The blue of Halcyon just gets better with age, and in August rewards you with beautiful large white flower stalks.  As they get older and much larger, the corrugated leaves offer quite a show in themselves too.

Gazebo Ready Hostas

Montana Aureo Marginata Hosta

Montana Aureo Marginata

Montana Aureo Marginata is glorious on the north side of our gazebo in mid summer.  You can find that pictured many other times on this website.

The elegance of Majesty is really coming into play this spring with it in it’s current place for about 6 years.  Prior to that I had it in a different location for 2 years and it didn’t do so well.

In addition, I also have a Tequila Sunrise that I have had for maybe 6-8 years and this year it has really taken off and is maturing and growing into a beautiful plant. (This one needs more shade to not burn.) Then there is Satisfaction that is enormous after about 6 years.  These are all older varieties that perform really well.

Sun Power Hosta


There is one though, Sun Power, (left) that starts out more green gold and by August is a bright stand out plant.  This one needs some shade not to burn, but still plenty of sun to get the nice gold color.  The picture at the left is Sun Power in early June.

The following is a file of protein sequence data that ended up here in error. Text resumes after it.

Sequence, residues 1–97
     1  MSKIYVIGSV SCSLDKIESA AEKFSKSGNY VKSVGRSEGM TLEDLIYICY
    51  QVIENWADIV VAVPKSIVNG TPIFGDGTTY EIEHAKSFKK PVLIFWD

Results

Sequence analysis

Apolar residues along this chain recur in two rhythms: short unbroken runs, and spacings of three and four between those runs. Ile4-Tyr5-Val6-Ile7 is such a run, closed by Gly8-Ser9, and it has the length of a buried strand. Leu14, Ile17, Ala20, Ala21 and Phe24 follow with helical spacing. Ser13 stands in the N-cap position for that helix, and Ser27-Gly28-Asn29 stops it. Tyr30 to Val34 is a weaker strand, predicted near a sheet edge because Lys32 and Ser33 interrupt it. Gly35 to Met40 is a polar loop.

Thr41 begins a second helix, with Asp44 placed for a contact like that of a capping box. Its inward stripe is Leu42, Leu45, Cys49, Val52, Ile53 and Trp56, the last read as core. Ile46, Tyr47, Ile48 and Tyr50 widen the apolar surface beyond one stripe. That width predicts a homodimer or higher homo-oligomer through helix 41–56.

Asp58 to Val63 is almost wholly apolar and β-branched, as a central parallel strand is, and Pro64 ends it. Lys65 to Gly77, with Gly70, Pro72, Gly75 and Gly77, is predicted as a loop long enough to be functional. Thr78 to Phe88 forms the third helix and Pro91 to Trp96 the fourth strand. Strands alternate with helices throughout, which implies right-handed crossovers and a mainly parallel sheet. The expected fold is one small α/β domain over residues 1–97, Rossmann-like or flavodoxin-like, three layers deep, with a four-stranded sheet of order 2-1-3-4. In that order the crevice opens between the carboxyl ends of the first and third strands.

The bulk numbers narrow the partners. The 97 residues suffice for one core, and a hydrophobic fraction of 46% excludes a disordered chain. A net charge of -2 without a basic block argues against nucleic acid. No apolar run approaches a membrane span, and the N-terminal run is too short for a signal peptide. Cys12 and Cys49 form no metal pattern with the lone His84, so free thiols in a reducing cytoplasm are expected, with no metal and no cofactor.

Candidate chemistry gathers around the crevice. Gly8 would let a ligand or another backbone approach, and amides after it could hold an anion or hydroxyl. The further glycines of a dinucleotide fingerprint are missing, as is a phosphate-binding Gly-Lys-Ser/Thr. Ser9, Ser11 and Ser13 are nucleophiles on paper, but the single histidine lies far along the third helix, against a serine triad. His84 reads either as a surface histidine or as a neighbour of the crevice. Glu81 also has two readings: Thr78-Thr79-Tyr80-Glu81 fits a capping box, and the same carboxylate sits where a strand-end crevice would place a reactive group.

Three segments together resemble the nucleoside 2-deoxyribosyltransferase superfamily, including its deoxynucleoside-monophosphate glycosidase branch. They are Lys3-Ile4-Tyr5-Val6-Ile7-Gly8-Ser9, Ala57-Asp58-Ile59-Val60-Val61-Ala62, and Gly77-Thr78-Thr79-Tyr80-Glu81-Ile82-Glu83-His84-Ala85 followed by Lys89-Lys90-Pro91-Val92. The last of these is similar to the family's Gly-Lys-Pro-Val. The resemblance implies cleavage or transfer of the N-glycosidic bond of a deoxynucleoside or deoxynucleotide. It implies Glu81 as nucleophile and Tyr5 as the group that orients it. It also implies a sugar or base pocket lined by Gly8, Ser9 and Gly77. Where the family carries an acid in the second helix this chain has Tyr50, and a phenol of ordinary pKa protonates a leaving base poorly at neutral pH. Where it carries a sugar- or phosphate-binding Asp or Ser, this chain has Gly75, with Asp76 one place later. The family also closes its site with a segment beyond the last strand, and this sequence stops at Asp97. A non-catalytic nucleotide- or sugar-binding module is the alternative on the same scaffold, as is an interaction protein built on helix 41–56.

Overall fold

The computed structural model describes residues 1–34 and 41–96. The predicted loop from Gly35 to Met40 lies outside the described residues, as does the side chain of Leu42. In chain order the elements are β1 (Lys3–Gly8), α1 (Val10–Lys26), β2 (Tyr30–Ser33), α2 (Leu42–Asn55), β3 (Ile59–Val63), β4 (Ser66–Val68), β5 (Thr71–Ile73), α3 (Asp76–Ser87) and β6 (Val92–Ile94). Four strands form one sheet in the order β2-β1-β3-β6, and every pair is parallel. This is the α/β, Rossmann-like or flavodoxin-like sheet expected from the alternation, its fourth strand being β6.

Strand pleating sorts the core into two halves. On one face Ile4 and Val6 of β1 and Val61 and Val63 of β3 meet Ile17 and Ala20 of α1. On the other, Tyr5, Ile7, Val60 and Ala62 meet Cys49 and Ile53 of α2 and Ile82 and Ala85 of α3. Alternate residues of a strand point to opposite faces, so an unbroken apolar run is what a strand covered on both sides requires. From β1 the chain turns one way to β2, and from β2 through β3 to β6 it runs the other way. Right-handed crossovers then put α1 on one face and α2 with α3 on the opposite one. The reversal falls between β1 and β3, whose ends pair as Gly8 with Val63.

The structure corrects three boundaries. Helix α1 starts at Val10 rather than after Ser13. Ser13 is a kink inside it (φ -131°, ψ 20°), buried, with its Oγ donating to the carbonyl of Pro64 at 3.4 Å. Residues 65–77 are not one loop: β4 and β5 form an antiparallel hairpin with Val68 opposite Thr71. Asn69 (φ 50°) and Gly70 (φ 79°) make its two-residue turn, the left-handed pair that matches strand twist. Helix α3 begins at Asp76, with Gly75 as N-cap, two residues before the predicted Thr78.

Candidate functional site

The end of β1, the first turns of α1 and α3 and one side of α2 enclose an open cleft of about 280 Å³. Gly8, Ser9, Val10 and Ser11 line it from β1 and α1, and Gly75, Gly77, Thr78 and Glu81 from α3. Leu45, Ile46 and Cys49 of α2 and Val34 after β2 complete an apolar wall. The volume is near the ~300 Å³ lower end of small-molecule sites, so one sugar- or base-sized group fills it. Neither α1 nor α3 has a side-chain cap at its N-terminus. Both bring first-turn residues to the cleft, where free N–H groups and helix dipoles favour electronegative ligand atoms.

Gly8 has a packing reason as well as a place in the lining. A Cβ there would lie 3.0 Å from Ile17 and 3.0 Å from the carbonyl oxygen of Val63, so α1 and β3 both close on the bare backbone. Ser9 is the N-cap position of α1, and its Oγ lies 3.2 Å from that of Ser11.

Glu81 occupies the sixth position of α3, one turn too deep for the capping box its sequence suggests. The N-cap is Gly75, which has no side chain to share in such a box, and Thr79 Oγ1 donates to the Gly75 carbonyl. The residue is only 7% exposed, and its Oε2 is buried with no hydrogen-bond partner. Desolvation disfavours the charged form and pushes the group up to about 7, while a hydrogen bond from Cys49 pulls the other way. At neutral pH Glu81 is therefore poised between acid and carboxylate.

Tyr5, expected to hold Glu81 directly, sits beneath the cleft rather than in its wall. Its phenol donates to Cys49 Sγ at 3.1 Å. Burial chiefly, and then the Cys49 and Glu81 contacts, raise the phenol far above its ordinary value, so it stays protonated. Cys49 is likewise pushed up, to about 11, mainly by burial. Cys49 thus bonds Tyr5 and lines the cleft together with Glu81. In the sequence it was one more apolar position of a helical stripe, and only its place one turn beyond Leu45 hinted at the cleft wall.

Touch of Class Hosta


Previously I have mentioned Touch of Class in many other articles on this website as one of the best and definitely is one of the best in my yard.  It is a tetreploid form of June, which everyone has and everyone loves.

Once, I saw a June Hosta that was 2 feet tall and 5 feet wide!  It had never been divided and was planted in complete compost.  Beautiful plant to say the least!


Glamour Hosta



Glamour is a pristine version of a unique Hosta. And it holds it color through the season. It is a smaller size so a good one to put near the front of the perennial bed.

Liberty Hosta

Liberty Hosta




There are so many more beautiful Hostas such as Sagae (below) and Liberty (to the left) to name a few. These two take a little longer to get growing, but are superb once they get to maturity.


Sagae Hosta in early June

Sagae Hosta in early June


Sagae Hosta Late September

Sagae Hosta late September











Creative Ideas For Perennial Bed Borders Using Hostas

January 17, 2016

Create natural borders using small and miniature Hosta varieties. Find ideas and recommendations for designing your Zone 4 shade garden. This is a follow-up to a post I wrote about earlier using Hostas as a border. I have been asked many times about some of my perennial beds that have one variety of Hosta planted […]

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Dairy Breakfast Poster